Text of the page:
East Africa is experiencing one of its worst locust outbreaks in decades. The voracious insects are devouring thousands of hectares of farmland and forests, and threatening food security for millions across the region, which is already vulnerable to food shortages.
To help manage outbreaks, NASA scientists are developing tools to track locust breeding grounds and to assess crop damage. We previously reported on the satellite data used in these assessments, but researchers are also using ground-based observations from several local organizations and government offices. Such information is used to validate estimates of crop conditions made from satellite imagery and included in international crop forecasts.
“Our ground partners give monthly updates on crop conditions and major events like flooding and disease outbreaks,” said Catherine Nakalembe, a food security researcher with NASA SERVIR and NASA Harvest. “They help provide critical ground information when the remote sensing data are not sufficient.”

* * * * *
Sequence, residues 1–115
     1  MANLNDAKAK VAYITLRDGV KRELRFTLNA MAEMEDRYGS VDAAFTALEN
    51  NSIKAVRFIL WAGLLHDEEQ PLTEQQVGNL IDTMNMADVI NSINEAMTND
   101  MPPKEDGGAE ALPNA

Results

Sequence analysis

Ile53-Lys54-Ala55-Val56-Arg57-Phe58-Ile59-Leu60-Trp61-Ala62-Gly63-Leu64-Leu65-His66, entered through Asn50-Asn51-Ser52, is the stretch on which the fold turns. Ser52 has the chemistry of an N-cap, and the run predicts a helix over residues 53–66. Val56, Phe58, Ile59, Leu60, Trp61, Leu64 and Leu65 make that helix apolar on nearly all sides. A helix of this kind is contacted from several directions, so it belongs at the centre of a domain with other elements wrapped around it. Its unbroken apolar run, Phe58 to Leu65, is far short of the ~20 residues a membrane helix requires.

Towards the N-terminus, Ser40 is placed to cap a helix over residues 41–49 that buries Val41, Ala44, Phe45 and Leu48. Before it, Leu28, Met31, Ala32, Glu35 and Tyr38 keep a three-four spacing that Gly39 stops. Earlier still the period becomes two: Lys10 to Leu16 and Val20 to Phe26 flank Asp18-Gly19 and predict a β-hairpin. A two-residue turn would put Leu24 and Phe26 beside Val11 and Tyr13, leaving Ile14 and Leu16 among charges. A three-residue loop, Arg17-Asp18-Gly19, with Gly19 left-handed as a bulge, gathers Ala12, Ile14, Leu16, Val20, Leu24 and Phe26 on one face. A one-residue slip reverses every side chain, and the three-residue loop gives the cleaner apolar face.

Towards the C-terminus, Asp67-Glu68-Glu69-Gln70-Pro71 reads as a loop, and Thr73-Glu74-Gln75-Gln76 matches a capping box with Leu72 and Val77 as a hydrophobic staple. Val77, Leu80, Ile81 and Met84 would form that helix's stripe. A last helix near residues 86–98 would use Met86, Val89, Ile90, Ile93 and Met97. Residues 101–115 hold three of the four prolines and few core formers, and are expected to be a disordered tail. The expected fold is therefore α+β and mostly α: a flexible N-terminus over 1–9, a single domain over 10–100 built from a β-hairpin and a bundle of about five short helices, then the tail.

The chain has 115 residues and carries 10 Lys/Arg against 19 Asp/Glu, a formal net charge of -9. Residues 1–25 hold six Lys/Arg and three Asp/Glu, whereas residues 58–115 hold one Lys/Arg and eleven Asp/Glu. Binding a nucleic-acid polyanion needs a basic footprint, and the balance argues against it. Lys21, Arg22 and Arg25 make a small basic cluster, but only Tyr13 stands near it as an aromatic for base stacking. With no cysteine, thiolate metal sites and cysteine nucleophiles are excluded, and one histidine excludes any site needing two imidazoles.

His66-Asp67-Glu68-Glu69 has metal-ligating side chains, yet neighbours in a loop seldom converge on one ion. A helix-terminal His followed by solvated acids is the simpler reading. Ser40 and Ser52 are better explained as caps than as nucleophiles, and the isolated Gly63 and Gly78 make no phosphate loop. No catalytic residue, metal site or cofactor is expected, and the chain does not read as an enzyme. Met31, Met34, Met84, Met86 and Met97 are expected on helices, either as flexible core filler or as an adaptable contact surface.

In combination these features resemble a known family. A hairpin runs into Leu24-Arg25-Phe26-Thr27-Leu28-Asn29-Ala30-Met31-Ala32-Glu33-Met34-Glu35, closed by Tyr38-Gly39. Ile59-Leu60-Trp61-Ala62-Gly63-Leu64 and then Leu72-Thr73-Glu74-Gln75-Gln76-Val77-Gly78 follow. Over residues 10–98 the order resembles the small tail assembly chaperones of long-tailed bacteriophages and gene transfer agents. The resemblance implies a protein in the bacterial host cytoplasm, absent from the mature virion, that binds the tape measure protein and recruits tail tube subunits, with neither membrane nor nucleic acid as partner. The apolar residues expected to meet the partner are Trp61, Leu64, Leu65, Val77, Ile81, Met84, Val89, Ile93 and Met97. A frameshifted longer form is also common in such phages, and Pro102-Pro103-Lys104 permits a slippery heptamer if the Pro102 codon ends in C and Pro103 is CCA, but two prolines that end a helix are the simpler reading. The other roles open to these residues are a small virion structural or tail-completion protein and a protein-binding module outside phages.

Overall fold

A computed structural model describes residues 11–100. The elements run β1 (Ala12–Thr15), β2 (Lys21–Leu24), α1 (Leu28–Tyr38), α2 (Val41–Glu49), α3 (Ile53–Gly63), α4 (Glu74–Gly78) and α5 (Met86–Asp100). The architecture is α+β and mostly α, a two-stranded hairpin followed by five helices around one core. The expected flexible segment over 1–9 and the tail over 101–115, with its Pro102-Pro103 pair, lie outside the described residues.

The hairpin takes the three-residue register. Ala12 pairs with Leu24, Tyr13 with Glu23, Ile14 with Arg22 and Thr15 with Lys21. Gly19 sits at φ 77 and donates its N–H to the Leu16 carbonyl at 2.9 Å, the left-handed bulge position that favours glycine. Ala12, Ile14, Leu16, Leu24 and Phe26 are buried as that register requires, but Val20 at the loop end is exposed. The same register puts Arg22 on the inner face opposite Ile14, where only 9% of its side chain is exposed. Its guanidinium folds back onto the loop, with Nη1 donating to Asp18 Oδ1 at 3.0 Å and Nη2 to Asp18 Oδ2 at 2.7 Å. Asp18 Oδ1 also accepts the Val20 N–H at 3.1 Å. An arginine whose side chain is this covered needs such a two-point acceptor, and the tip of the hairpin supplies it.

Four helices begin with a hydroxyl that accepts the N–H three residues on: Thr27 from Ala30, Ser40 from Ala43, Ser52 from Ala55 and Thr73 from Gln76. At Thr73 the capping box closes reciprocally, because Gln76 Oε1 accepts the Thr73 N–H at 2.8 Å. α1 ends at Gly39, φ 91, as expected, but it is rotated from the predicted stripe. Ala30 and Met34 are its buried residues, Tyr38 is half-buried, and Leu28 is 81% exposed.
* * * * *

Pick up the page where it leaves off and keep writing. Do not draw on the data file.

The following photos, taken by people in Uganda and Kenya, show some of the effects of the locust outbreak on farms.
Elgeyo Marakwet County, Kenya
Kenya is experiencing its worst locust outbreak in 70 years. The image at the top of this page and the one below shows locusts (yellow) swarming a field in March 2020.
The images were taken by Gentrix Machenje. Machenje is a county officer who works with NASA SERVIR and provides information for Kenya’s National Crop Monitor.
The photos below were taken in early April 2020 in the Karamoja region of northeast Uganda. Officials believe the locusts hatched from eggs laid a few weeks ago.
The images were taken by Evans Noble Opiolo, an agricultural officer in the Nakapiripirit District who also contributes to a Disaster Risk Financing Project for Uganda’s Office of the Prime Minister. Such officers are reporting on locust locations and are often present when ground-control operations, such as pesticide spraying, are in progress.